FICO and VantageScore are the two top dogs of the credit-scoring market. So for your wallet’s sake, it’s important to understand what distinguishes them.
Here’s what you need to know:
VantageScore vs. FICO Score – Key Differences
|Most Popular Model||VantageScore 3.0||FICO Score 8|
|Score Range||300 to 850||300 to 850|
|Scoreable Population||225 million||190 million|
|Share of Lenders Using Score||80% of the 25 largest lenders||90% of the 100 largest lenders|
|Scores Issued per Year||8 billion||10 billion|
|Recent Credit Experience Needed for Score||1 month||6 months|
|Inquiry Grouping Period*||14 days||30-45 days|
|Late-Payment Damage||Missed mortgage payments are more damaging than other types||Late payments are treated equally, regardless of account type|
|Treatment of Collection Accounts||Once paid, collection accounts stop being considered||Collection accounts with original balances under $100 aren’t considered|
|Authorized Users||Moderate credit-building capacity||Limited credit-building capacity|
|Free Providers||• WalletHub|
• Capital One
• Credit Karma
• See More
|• American Express|
• Bank of America
• See More
You can see where your credit stands according to the VantageScore 3.0 model by signing up for a free WalletHub account. WalletHub is the only source of free credit scores – of any type – that are updated on a daily basis. You can also get free FICO scores from a few select providers, including Discover.
Crowded Credit-Score Market
FICO is an easy-to-remember acronym, but it really doesn’t tell you much as far as credit scores are concerned. Each of us has as many as 49 different scores issued by the Fair Isaac Corporation, or FICO, among more than 1,000 scores overall. And guess what? In many cases, they won't exactly match what any lender uses to evaluate our trustworthiness as borrowers – or what some might call our “real” credit score.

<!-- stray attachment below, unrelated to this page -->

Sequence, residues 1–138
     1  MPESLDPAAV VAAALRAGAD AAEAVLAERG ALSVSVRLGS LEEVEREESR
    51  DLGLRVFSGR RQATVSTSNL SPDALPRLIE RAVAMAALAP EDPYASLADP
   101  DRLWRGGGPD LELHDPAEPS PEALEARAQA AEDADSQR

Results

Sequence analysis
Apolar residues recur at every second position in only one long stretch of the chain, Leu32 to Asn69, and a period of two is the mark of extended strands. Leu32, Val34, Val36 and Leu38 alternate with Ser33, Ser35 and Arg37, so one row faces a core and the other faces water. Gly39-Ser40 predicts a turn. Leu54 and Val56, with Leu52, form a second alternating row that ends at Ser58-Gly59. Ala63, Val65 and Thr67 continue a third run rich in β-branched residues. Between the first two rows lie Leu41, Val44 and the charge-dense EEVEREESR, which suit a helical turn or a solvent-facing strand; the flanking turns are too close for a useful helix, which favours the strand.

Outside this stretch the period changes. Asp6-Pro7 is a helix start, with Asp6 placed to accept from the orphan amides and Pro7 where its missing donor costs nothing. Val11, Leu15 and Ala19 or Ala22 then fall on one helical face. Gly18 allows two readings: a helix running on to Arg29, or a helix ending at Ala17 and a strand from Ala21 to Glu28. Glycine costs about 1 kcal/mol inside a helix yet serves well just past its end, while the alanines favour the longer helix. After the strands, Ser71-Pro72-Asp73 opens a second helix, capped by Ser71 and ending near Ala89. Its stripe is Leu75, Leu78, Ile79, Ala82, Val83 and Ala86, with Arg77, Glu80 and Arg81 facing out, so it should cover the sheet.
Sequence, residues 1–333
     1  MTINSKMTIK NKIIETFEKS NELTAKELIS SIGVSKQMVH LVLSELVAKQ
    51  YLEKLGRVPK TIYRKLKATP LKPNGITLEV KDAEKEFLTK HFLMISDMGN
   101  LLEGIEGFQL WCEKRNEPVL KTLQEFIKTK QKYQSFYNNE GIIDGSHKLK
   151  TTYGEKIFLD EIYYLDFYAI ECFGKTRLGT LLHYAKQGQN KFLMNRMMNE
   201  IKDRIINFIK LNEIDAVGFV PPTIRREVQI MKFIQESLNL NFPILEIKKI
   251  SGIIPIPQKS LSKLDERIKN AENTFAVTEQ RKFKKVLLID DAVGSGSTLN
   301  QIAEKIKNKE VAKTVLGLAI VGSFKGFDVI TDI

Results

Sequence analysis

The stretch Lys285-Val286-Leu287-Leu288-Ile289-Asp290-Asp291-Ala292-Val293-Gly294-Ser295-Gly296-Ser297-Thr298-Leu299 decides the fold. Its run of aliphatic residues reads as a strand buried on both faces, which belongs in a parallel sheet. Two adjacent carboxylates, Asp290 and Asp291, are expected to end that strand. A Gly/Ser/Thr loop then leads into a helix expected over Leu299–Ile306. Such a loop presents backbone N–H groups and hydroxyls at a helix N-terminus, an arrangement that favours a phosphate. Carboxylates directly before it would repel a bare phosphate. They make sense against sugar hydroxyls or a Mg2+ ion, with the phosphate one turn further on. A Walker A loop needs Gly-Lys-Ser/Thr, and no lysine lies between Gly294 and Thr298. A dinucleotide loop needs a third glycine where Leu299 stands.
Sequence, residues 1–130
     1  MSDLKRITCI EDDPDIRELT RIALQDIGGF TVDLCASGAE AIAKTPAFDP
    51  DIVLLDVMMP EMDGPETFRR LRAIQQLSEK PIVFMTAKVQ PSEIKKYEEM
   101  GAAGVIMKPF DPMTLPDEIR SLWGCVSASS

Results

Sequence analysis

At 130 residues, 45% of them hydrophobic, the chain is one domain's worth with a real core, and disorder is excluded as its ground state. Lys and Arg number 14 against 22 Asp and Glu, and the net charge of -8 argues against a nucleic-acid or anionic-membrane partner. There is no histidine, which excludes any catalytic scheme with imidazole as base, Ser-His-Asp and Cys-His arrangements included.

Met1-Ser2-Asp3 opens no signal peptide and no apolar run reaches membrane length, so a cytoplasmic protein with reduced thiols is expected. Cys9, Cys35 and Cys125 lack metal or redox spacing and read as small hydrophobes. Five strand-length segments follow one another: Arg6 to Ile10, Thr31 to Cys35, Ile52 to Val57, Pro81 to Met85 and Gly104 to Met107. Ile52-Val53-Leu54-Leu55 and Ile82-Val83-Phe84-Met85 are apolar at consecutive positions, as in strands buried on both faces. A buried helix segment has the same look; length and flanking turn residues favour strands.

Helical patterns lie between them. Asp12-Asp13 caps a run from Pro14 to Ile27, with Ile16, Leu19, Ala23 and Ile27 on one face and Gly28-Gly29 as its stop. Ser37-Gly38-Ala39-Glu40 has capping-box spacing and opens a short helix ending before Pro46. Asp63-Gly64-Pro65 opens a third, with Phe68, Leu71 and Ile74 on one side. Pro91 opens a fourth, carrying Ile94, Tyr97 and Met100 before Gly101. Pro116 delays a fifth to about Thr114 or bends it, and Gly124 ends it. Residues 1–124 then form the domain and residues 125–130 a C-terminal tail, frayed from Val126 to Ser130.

That’s right. All major lenders use proprietary in-house credit scores, which might be based on over-the-counter scoring models but are modified in such a way as to provide drastically different results than anything we can get our hands on.
That, in turn, makes the brand and model of the credit score that you reference almost immaterial. It doesn’t matter whether it’s a FICO or VantageScore credit score or whether it’s based on your TransUnion, Equifax or Experian credit report. What matters is that you actually check your score. You should also get it for free from a reputable source and reference the same type of score over time for the sake of accurate comparison.
Credit scoring is a nuanced, often opaque business. In the interest of pulling back the curtain a bit, we asked credit-industry executives for their take on VantageScore 3.0, including how it compared to the newest FICO model. You can find their bios and responses to the following questions below.
- Which is better and why: VantageScore 3.0 or FICO Score 9?
- Which aspects of VantageScore 3.0 do you like most, relative to previous versions?
- What will FICO’s share of the credit-scoring market be five years from now?